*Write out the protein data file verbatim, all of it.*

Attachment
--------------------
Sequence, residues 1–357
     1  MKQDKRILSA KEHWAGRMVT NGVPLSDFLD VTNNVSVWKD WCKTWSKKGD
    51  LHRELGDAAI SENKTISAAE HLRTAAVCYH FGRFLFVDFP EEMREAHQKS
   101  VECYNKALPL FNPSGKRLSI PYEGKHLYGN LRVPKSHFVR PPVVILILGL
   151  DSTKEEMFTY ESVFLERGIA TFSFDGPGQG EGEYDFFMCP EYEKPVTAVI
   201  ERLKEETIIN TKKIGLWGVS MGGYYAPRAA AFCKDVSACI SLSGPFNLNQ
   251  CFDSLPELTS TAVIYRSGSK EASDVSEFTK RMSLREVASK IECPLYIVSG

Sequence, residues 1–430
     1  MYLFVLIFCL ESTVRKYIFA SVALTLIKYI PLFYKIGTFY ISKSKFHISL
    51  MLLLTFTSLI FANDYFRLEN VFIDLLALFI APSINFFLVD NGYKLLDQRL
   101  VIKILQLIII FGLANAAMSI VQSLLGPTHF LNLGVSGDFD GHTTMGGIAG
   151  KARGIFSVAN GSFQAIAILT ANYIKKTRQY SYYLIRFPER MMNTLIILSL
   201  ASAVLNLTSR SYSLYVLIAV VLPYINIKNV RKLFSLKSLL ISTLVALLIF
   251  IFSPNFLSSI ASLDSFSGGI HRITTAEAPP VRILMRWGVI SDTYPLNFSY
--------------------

Sequence, residues 1–357
     1  MKQDKRILSA KEHWAGRMVT NGVPLSDFLD VTNNVSVWKD WCKTWSKKGD
    51  LHRELGDAAI SENKTISAAE HLRTAAVCYH FGRFLFVDFP EEMREAHQKS
   101  VECYNKALPL FNPSGKRLSI PYEGKHLYGN LRVPKSHFVR PPVVILILGL
   151  DSTKEEMFTY ESVFLERGIA TFSFDGPGQG EGEYDFFMCP EYEKPVTAVI
   201  ERLKEETIIN TKKIGLWGVS MGGYYAPRAA AFCKDVSACI SLSGPFNLNQ
   251  CFDSLPELTS TAVIYRSGSK EASDVSEFTK RMSLREVASK IECPLYIVSG

Sequence, residues 1–430
     1  MYLFVLIFCL ESTVRKYIFA SVALTLIKYI PLFYKIGTFY ISKSKFHISL
    51  MLLLTFTSLI FANDYFRLEN VFIDLLALFI APSINFFLVD NGYKLLDQRL
   101  VIKILQLIII FGLANAAMSI VQSLLGPTHF LNLGVSGDFD GHTTMGGIAG
   151  KARGIFSVAN GSFQAIAILT ANYIKKTRQY SYYLIRFPER MMNTLIILSL
   201  ASAVLNLTSR SYSLYVLIAV VLPYINIKNV RKLFSLKSLL ISTLVALLIF
   251  IFSPNFLSSI ASLDSFSGGI HRITTAEAPP VRILMRWGVI SDTYPLNFSY